Green's co-founder Kevin Klein's resume is slightly different. Klein is part of the "Klein/Ally Show," a morning radio show that also streams a podcast. As a comedic writer, Klein has written jokes for "The Howard Stern Show" and roasts on Comedy Central.

Pie Wine's online presence

With a modest social media presence, some of Pie Wine's channels, like Pinterest, have no followers, while Facebook has 25 as of September 28, 2023. Alongside the usual platforms — Instagram, LinkedIn, X (formerly known as Twitter), and YouTube — which all feature the same content, Pie Wine's blog contains roughly 30 articles aimed at millennials who are passionate about pizza and canned wine.

The blog is where Pie Wine shines. It offers how-to articles on hosting a pizza party and pairing pizza with wine for a romantic date. It also provides educational content that explains the differences between old and new world wines, as well as the benefits of BYOB restaurants. Accessible on its website, the blog aims to be interactive, collaborating with customers to identify the best pizza restaurants in the U.S. and their favorite pizza and wine pairings. Some articles seek to establish deeper connections, exploring topics like the effects of wine on your state of mind and its impact on our diet-conscious culture. Although the brand itself is frequently mentioned, the articles are informative and extend beyond Pie Wine's product line.

Though Pie Wine is currently in limited supply, customers who wish to support the brand can purchase merchandise from its website. Trucker hats and short-sleeved T-shirts retail for $25, while hoodies are priced at $50.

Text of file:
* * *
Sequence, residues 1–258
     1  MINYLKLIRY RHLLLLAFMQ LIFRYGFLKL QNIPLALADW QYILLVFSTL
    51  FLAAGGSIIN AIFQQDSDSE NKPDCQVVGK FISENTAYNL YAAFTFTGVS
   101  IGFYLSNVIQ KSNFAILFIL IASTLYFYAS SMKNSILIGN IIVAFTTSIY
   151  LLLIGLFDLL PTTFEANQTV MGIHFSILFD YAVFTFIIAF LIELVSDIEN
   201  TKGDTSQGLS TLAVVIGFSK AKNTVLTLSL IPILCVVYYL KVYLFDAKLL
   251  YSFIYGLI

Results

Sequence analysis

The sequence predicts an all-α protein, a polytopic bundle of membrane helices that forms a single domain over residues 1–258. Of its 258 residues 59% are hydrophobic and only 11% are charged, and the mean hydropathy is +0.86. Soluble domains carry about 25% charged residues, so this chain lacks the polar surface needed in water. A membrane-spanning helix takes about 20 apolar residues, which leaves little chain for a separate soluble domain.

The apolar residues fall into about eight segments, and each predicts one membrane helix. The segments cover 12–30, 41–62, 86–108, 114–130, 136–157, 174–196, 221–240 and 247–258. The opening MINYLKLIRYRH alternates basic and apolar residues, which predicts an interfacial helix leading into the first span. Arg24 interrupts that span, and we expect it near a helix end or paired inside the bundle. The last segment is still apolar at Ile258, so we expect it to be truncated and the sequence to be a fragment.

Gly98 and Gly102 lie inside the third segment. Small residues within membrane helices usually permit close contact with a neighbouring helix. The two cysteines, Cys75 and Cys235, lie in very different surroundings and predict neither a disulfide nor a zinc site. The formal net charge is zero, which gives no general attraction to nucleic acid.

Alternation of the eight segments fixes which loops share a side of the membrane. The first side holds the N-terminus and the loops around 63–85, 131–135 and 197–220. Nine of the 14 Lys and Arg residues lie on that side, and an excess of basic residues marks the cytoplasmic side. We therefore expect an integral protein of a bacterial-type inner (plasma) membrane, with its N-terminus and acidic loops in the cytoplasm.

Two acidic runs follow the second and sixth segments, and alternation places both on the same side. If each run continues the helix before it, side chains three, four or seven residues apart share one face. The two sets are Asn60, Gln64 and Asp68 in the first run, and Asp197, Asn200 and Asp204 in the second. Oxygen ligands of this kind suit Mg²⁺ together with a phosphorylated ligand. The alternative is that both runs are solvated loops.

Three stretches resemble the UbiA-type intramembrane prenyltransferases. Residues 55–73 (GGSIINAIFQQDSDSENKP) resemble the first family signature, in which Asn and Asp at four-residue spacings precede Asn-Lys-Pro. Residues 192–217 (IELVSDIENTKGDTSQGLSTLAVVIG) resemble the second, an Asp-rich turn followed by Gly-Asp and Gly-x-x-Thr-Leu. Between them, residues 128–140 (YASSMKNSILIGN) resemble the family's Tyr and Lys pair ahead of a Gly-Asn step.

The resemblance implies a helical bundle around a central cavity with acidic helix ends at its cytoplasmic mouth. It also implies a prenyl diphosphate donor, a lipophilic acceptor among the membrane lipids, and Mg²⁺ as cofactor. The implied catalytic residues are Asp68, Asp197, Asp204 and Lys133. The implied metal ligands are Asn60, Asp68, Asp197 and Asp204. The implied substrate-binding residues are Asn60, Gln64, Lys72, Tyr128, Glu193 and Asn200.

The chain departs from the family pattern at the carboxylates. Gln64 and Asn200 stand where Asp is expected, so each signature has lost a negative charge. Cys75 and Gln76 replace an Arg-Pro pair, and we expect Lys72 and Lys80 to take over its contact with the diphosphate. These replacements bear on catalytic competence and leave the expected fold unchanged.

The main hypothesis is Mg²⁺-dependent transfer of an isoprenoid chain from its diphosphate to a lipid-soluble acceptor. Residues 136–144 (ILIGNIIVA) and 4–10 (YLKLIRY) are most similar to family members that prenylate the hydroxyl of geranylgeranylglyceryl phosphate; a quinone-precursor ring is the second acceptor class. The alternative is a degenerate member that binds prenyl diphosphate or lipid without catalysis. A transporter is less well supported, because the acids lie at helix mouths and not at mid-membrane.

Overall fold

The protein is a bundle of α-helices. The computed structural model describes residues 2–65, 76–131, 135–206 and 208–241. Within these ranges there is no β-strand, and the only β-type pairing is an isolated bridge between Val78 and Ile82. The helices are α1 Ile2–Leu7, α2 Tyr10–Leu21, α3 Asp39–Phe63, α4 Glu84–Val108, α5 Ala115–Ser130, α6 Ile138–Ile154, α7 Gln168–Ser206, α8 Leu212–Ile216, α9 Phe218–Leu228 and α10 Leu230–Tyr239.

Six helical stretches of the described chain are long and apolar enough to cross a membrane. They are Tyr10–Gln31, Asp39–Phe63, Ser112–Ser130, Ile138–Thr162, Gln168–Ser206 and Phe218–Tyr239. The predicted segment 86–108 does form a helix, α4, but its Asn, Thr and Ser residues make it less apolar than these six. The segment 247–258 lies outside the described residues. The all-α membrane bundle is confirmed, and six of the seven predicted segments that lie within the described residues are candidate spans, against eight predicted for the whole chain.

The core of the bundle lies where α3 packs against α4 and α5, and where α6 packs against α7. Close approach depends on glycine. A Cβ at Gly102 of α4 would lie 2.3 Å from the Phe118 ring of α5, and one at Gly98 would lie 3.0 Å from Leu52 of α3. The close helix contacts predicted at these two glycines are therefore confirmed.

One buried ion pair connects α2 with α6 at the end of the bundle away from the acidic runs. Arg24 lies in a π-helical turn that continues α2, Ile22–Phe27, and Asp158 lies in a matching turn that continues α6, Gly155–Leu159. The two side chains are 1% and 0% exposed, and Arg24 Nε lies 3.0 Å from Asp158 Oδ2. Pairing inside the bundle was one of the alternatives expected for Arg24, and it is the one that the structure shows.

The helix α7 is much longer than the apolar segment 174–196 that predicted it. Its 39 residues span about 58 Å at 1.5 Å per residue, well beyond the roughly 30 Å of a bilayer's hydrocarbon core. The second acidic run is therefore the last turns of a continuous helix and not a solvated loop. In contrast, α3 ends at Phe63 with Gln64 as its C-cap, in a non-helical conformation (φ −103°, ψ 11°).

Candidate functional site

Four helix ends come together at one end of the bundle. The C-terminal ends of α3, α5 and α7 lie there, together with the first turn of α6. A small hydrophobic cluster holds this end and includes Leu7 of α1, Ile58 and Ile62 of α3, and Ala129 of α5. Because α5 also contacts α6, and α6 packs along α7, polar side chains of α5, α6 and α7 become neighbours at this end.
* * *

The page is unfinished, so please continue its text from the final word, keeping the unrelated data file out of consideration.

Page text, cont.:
What happened to Pie Wine on Shark Tank?

Debuting on Season 15, Episode 1 of "Shark Tank," Green and Klein pitched Pie Wine to Mark Cuban, Kevin O'Leary, Lori Greiner, Daymond John, and guest Shark Candace Nelson of Sprinkles Cupcakes. Asking for an investment of $200,000 for 7½% percent equity, Green and Klein hoped a Shark would agree that Pie Wine is "The greatest thing to happen to pizza since pepperoni," (via YouTube). 

Despite the 50/50 partners having other jobs, they proved they were all in, investing $300,000 into the brand, liquidating Klein's 401k, and selling Green's home. As of the show airing, Pie Wine launched two weeks earlier in eight states, securing $300,000 to $400,000 wholesale revenue, forecasting $6.5 million for 2023. Costing $1.50 per can to manufacture, the company plans to shrink cost to $1.25 with increased production. Selling wholesale for $3.25, retailers are asking between $5 and $5.50 per can, with inventory currently available on its website. 

O'Leary is the first to pass, revealing he's launching a sparkling wine brand. Similarly, Cuban is out, referencing his investment in a competitor, Beatbox Beverages. John follows, citing that he's unprepared to take on his fellow Sharks already in the market. Greiner believes the company is too new to invest in, leaving Nelson as their last chance. Despite Green telling her that he proposed to his wife with a ring in a Sprinkles cupcake, Nelson called the brand "too kitschy" for her taste, so she passes, forcing Pie Wine to exit without a deal.